Can Trump's EPA Choice, an Industry Ally, Switch Sides And Defend His Own Lawsuits?

Oklahoma Attorney General Scott Pruitt testifies before a Senate Environment and Public Works Committee confirmation hearing on his nomination to be administrator of the Environmental Protection Agency, January 18. Joshua Roberts/Reuters

In the classic 1942 film Casablanca, the petty criminal Signor Ugarte (played by Peter Lorre), tells Rick (Humphrey Bogart) that he has made arrangements to leave Casablanca.

"Who did you bribe for your visa?" Rick asks. "[Police captain] Renault? Or yourself?"

"Myself," says the vaguely reptilian Ugarte. "I found myself much more reasonable."

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Oklahoma Attorney General Edward Scott Pruitt, Donald Trump's pick to lead the Environmental Protection Agency (EPA), might soon find himself in similar circumstances. He has filed or joined some two dozen lawsuits to block EPA regulations. And the EPA has fought back. But if Pruitt is confirmed, he will be the one to decide how to defend against the suits. And he might find himself much more reasonable.

Indeed, he appears to be laying the groundwork for that. In a Jan. 3 letter to the EPA's ethics officer, Pruitt noted he will face some legal constraints, but said he planned to get around them. "I will seek authorization to participate personally and substantially" in matters involving Oklahoma, he wrote.

The watchdog group Citizens for Responsibility and Ethics in Washington, or CREW, said in its own letter to the EPA that it fears Pruitt will "switch sides" in the suits, leading reasonable people to question his impartiality—and the EPA's integrity.

The lawsuits that he's been involved in as a representative of the state of Oklahoma are sometimes difficult to understand. In 2013, Oklahoma joined an amicus brief in which agriculture groups challenged the EPA's regulations for the release of nitrogen, phosphorous and sediment into water. That might seem reasonable, except that the body of water in this case was the Chesapeake Bay, some 1,300 miles from Pruitt's office in Oklahoma City.

The brief claimed that if the EPA regulations were allowed to stand, "other watersheds, including the Mississippi River Basin (which spans 31 states from Canada to the Gulf Coast), could be next." Pruitt is getting warmer here. The Mississippi is closer than the Chesapeake, but still 400 miles away. In any case, the challenge to the regulations failed.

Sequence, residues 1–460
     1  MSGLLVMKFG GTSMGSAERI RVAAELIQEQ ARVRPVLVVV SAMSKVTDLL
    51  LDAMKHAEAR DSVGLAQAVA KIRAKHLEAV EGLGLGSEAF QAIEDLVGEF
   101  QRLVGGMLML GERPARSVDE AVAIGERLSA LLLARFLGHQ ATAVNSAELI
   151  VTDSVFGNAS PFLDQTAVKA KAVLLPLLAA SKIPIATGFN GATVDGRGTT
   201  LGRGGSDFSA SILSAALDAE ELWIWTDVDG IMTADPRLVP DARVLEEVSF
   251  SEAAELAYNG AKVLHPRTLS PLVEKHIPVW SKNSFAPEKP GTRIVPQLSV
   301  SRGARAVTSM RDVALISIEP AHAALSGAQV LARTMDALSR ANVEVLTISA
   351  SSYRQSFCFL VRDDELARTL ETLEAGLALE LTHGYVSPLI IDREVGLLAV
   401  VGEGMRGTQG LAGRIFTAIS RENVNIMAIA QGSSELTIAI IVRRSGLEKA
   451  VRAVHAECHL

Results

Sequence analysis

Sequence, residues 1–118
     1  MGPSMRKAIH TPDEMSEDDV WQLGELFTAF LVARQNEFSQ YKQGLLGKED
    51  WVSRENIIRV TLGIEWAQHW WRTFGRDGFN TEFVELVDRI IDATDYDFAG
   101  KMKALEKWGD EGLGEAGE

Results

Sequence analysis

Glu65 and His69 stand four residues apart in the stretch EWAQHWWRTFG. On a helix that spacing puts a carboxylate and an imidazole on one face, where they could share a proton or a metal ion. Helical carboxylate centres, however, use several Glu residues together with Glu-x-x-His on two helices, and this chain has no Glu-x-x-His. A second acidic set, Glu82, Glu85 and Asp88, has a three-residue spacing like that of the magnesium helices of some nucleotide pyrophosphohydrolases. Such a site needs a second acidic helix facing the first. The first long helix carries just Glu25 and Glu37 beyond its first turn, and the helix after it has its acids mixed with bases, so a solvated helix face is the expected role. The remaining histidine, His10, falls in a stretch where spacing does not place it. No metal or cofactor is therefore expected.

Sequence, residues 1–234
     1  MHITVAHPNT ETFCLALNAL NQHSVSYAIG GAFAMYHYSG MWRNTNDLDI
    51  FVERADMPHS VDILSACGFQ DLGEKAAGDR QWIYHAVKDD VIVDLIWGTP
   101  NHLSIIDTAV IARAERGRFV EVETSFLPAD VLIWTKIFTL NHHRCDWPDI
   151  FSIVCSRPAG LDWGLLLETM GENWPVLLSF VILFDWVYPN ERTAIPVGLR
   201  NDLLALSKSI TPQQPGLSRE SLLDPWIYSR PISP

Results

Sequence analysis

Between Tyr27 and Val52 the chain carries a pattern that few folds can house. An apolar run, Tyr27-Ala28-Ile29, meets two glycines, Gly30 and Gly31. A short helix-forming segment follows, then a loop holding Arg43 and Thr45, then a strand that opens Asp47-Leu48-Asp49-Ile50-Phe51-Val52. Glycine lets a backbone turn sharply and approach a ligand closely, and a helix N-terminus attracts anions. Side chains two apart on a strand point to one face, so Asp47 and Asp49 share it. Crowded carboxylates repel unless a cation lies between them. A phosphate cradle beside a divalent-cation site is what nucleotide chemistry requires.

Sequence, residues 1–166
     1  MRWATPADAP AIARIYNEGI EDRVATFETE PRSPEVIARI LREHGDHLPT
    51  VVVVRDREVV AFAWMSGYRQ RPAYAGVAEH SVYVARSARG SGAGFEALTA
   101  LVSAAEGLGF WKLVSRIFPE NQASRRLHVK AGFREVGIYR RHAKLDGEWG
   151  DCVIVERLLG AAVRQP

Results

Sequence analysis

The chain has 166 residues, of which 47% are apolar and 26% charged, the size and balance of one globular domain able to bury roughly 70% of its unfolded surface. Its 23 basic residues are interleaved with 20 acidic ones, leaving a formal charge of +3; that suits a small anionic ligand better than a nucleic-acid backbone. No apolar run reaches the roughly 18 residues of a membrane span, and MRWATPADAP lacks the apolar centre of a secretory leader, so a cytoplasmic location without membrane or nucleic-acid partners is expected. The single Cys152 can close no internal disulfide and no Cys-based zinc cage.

Pruitt also has argued against the EPA's standards for the emission of mercury, arsenic, and other metals by coal- and oil-fired power plants. The EPA says the improvements in air quality from the establishment of these standards could save billions and reduce workers' sick days. Pruitt filed jointly with two dozen states and several energy and mining companies to block the standards. The litigation is ongoing.

Other suits include several to block carbon emissions standards aimed at fighting global warming and some to challenge water pollution regulations. Energy and mining companies often join in these actions. It's clear from the company he keeps that concerns about his impartiality as the EPA's administrator are justified.

Of all the lawsuits Pruitt has participated in, "not one of those would have produced less air or water pollution, and not one would have produced better environmental outcomes," says John Walke, the director of clean air programs at the Natural Resources Defense Council. The support Pruitt has received from many corporations makes clear "that their support for him to head EPA turns on his active litigation fighting EPA by the side of corporations," Walke says.

In a news release announcing Pruitt's nomination, Trump was quoted as saying, "For too long, the Environmental Protection Agency has spent taxpayer dollars on an out-of-control anti-energy agenda that has destroyed millions of jobs, while also undermining our incredible farmers and many other businesses and industries at every turn." Pruitt, Trump said, "will reverse this trend and restore the EPA's essential mission of keeping our air and our water clean and safe."